Published June 13, 2004
The Bush administration's disenchantment with its onetime favorite Iraqi client, Ahmad Chalabi (search), has centered on the explosive allegation that he and his associates may have forwarded highly classified U.S. information to the Islamist government in Iran.
Specifically, Chalabi and his cohorts are accused of informing Tehran (search) that the United States had broken the communications code of Iran's intelligence service. If true, this could become the most prominent espionage episode since the Alger Hiss (search) case in the late 1940s, for it raises the question of which official in the U.S. government passed such sensitive information to Chalabi.
Clearly, the allegations are extremely serious and should be the subject of a thorough, independent investigation. But such an investigation also needs to look at another possibility. What if the Chalabi-Iran information pipeline flowed both ways?
It is well established that much of the information that Chalabi's organization, the Iraqi National Congress (search), supplied to the United States in the months leading up to the U.S. invasion of Iraq was erroneous. The inaccurate intelligence was most evident with regard to the vast arsenal of weapons of mass destruction that Saddam Hussein's regime supposedly possessed, but it also involved assurances that U.S. forces would be welcomed as liberators and that the post-Saddam political transition would be rapid and easy.
The conventional wisdom is that Chalabi was the architect of that campaign of disinformation. But what if he was not the source but merely the channel for it? Is it possible that Iran used Chalabi and his organization to lure the United States into invading and occupying Iraq?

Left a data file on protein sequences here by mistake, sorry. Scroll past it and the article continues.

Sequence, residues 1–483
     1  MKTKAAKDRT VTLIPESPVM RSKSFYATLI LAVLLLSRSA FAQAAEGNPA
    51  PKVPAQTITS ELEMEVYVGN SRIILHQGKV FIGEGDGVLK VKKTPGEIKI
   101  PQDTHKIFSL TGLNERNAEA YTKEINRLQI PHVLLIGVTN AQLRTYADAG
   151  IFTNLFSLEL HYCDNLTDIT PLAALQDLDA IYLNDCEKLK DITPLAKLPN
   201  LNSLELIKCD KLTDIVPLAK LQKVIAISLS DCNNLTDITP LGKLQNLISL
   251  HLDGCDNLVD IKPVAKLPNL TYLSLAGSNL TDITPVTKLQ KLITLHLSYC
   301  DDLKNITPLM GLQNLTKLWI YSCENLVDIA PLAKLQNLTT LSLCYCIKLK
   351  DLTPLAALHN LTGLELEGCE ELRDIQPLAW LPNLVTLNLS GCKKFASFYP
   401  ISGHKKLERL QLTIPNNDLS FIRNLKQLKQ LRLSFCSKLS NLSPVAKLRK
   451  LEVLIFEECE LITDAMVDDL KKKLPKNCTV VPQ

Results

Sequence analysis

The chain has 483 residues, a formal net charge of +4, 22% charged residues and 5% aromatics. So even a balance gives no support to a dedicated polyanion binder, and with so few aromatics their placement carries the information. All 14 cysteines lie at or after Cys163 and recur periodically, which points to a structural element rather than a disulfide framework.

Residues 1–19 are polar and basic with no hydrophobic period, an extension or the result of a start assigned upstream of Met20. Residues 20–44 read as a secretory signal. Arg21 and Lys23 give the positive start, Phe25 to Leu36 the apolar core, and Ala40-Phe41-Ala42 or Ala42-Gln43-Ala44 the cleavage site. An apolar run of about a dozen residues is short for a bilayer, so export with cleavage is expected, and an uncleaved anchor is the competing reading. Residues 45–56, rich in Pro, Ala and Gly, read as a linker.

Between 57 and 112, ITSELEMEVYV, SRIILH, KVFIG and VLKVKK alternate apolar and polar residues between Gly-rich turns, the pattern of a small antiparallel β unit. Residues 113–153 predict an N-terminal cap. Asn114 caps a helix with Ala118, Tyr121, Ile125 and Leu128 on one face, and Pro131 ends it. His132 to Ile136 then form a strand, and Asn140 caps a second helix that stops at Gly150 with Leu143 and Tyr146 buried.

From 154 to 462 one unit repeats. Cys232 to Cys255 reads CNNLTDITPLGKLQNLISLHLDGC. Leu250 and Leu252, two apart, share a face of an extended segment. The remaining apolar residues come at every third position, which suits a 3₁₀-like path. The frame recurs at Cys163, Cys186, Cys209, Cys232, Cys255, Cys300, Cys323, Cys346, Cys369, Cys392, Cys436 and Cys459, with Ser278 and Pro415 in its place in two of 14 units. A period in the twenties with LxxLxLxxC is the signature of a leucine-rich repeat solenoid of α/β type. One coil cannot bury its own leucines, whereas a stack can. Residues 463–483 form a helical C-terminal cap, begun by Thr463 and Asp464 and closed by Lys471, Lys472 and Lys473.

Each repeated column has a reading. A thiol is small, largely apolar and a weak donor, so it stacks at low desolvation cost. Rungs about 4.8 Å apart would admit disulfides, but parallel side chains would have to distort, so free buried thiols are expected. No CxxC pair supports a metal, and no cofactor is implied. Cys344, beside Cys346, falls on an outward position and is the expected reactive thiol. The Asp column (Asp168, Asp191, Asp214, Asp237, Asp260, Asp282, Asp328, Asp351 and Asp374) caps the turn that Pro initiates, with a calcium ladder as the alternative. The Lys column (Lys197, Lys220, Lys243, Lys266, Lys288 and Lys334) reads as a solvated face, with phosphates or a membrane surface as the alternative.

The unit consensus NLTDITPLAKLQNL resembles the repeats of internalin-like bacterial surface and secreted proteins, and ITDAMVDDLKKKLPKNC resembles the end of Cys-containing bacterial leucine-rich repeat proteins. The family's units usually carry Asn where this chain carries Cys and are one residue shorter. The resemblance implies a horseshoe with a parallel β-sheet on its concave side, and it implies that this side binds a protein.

The troubling reality is that Tehran would have had multiple motives for such a strategy. First, Iranians regarded Saddam Hussein as more than just an adversary; they viewed him with the same kind of fear and loathing that Russians in the 1940s viewed Adolf Hitler. Saddam had invaded and ravaged their country in a war that lasted nearly a decade, and he had used chemical weapons against Iranian troops and possibly Iranian civilians. Washington did Iran a gigantic favor by eliminating a man that Iranians regarded as a demonic enemy.
Second, the invasion did Tehran a favor in another way. Iraq was the only credible strategic counterweight to Iran in the Persian Gulf region. Iran's military capabilities dwarf those of Saudi Arabia and the Gulf states, and while Turkey is a potential strategic counterweight, Ankara has long been reluctant to play a major role in that region. A united Iraq was the principal obstacle to Iranian preeminence.
A U.S. occupation of Iraq (especially the disbanding of the Iraqi army, which Chalabi strongly advocated) significantly advanced Iran's interests. The possible destabilization of Iraq arising from the elimination of a strong central government in Baghdad -- and the possible emergence of a friendly, Shiite (search)-led successor government--was a potential bonus for Tehran.
Finally, the Islamist regime had an incentive to distract the United States. Washington was beginning to pay an extensive amount of attention to Tehran's nuclear ambitions. Tying down the U.S. military in a nation-building quagmire in Iraq might reduce the likelihood that Washington would be able to take preemptive action against Iran. Notably, the loose talk in some hawkish American circles about the Iraq war being merely the first stage of a campaign of forcible regime change throughout the Middle East has subsided greatly as the difficulties of the Iraq occupation have mounted.
True, an Iranian strategy to lure the United States into Iraq would have been a high-stakes gamble. After all, the conquest of Iraq meant that the United States would have a sizable military force in a neighboring country for an extended period of time. But governments have been known to adopt bold and risky strategies before, and Tehran may have done so in this case.
We will never know unless there is an independent investigation of all aspects of the Chalabi-Iran connection. Congress should insist on nothing less.
Ted Galen Carpenter, vice president for defense and foreign policy studies at the Cato Institute, is the author or editor of 15 books on international affairs.